I forget how old I am sometimes. I wake each morning to a day that gives me a few minutes to imagine I’m still in my 20s or 30s before reflecting my true age in the bathroom mirror.
I don’t complain of aches to anyone and I seldom find myself at a doctor’s office.
Sure. I know a strenuous day will tire me more than it used to. But I’ve never given my family reason to worry about my health or safety.
Until this weekend.
In one afternoon, I’ve changed in her eyes from “good old Mom” to “poor Mom”. Since that day, I feel them accessing my every movement for signs of deterioration.
And I owe it all to a lawn game.
We had a family barbecue. After the hamburgers and chips, we set up the Cornhole game for a little friendly competition. My daughter and son-in-law took turns tossing bags and talking trash; John and I competed with all the enthusiasm of Olympic athletes.
Now, Cornhole is the least strenuous of all games, slightly more taxing to the body than playing checkers. You throw. You make sounds of joy or disappointment. You bend to pick up bags. That’s it.
However, it does involve standing and walking. And that’s where I failed.
After several games, we decided to change positions…the sun was shining in one teams’ eyes and we needed to keep things fair. John and I agreed to go to the “sunny side” for the final match.
As I ambled across the lawn, my left foot caught on one of the tiny legs that held the Cornhole boards upright. What followed was a cartoon of chaotic motion. I stumbled forward in tiny prances; I’m sure I looked like a show pony trotting along in exhibition.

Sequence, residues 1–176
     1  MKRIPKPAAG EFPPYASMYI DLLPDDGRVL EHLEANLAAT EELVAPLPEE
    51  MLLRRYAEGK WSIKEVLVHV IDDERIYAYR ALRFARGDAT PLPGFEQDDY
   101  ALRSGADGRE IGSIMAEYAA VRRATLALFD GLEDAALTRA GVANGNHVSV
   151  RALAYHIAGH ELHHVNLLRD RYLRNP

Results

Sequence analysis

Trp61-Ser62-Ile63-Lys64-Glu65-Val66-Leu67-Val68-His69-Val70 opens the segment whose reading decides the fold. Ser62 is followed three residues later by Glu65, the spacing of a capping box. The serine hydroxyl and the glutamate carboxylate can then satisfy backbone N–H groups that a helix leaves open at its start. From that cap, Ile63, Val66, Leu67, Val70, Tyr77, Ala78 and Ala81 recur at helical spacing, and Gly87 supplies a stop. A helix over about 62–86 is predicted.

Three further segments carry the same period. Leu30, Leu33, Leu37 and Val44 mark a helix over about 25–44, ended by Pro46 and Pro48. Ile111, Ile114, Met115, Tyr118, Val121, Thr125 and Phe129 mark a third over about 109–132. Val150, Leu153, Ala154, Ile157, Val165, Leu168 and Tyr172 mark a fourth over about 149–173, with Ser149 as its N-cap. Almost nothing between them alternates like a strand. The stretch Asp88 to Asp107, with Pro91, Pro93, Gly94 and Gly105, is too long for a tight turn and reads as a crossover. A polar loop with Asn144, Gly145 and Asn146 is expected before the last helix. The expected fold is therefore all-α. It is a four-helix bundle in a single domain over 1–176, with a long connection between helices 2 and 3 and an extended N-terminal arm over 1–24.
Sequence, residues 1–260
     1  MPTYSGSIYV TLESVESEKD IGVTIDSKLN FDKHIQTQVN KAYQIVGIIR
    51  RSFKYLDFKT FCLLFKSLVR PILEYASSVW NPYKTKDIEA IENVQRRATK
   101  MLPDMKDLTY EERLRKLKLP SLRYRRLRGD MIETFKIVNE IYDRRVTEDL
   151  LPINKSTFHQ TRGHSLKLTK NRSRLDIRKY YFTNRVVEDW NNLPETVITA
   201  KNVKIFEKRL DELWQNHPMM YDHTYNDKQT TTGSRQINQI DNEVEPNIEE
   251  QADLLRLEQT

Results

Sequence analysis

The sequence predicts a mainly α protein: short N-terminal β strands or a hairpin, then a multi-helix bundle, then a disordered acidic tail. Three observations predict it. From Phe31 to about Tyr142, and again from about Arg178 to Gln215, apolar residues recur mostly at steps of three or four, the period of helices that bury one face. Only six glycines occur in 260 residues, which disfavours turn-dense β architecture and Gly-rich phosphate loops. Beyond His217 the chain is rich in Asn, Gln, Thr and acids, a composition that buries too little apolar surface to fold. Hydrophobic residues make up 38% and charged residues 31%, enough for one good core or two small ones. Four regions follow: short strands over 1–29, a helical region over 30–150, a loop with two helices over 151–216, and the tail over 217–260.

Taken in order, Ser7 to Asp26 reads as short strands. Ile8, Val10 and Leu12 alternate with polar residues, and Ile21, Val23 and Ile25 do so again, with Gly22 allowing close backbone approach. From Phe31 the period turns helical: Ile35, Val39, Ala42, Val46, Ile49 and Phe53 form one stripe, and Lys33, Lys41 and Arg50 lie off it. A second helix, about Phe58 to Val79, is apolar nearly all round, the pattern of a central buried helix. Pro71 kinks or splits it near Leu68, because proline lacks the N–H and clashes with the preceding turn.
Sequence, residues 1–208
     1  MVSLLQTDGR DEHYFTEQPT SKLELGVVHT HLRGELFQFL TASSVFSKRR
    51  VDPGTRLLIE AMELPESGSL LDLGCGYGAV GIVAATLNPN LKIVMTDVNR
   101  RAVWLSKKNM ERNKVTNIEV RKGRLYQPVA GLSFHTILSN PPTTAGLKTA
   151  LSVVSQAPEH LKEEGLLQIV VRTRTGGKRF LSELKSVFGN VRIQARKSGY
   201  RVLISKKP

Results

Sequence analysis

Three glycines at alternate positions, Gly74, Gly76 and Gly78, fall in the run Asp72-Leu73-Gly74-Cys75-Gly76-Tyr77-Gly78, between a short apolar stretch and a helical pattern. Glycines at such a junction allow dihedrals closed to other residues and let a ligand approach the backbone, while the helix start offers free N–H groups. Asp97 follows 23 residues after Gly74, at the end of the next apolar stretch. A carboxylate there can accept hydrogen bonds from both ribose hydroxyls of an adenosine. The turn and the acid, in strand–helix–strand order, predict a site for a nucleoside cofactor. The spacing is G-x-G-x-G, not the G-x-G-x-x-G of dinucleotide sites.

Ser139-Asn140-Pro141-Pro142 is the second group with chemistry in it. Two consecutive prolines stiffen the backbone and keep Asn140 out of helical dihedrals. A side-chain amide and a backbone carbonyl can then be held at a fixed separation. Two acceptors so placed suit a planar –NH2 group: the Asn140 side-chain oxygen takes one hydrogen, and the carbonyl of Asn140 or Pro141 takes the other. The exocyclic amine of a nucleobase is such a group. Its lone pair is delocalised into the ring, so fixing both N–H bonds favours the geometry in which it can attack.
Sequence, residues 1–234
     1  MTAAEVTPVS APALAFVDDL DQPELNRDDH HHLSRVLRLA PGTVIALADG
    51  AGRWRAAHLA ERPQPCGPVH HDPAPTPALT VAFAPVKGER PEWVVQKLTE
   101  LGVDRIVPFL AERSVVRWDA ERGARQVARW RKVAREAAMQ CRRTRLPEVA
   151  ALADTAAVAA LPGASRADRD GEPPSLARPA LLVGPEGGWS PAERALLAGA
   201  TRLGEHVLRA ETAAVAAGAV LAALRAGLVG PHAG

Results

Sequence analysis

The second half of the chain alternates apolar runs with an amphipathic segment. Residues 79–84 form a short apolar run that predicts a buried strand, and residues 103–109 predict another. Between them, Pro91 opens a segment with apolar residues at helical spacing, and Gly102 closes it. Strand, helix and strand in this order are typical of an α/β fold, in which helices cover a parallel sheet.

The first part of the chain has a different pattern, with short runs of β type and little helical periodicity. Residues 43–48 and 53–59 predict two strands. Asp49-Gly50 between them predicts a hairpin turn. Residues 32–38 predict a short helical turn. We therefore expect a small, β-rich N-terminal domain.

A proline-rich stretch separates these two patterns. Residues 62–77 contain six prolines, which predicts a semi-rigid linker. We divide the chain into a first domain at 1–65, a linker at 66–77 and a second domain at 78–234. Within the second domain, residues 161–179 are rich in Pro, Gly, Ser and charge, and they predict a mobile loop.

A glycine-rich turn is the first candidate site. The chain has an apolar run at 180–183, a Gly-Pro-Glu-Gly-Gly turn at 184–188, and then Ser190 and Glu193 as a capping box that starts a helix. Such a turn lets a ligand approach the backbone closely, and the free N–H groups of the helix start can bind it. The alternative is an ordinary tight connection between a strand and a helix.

After about six steps forward, I found myself careening sideways. My arms whirled in a helicopter motion, trying to keep myself upright.
But it was inevitable. In the moments before impact, the consequences ahead flashed through my mind.
First, I thought of my hips. It is common knowledge that the framework of anyone over 50 will crumble if they fall. I tried to angle for a full-face fall instead of hip-slamming contact. My knees were new; mustn’t hit those.
But I knew the worst pain of this fall would not be physical. I knew what would happen. And it did.
“ARE YOU OKAY???” My daughter and granddaughter ran to my aid. I ended up on my side with a pain in my thigh and a mortified grin on my face.
“Of course I am!” I yelled. Even if I’d needed traction, I was not about to admit pain. To do so would be to signal my first descent into the “twilight years of dotage” that my family is sure will happen soon.
I took a breath and popped up, using my hand/foot/prop technique that gets me up nowadays. No need to get my knees involved.
I wobbled to the “sunny side” of the game and played with artificial gusto. And, all the while, I could feel the glances of concern and pity on my daughter’s face.
“She’s prone to falling now,” I could feel her thinking. “We will need to keep her off that kitchen stool and make sure her shoes are tied tightly.”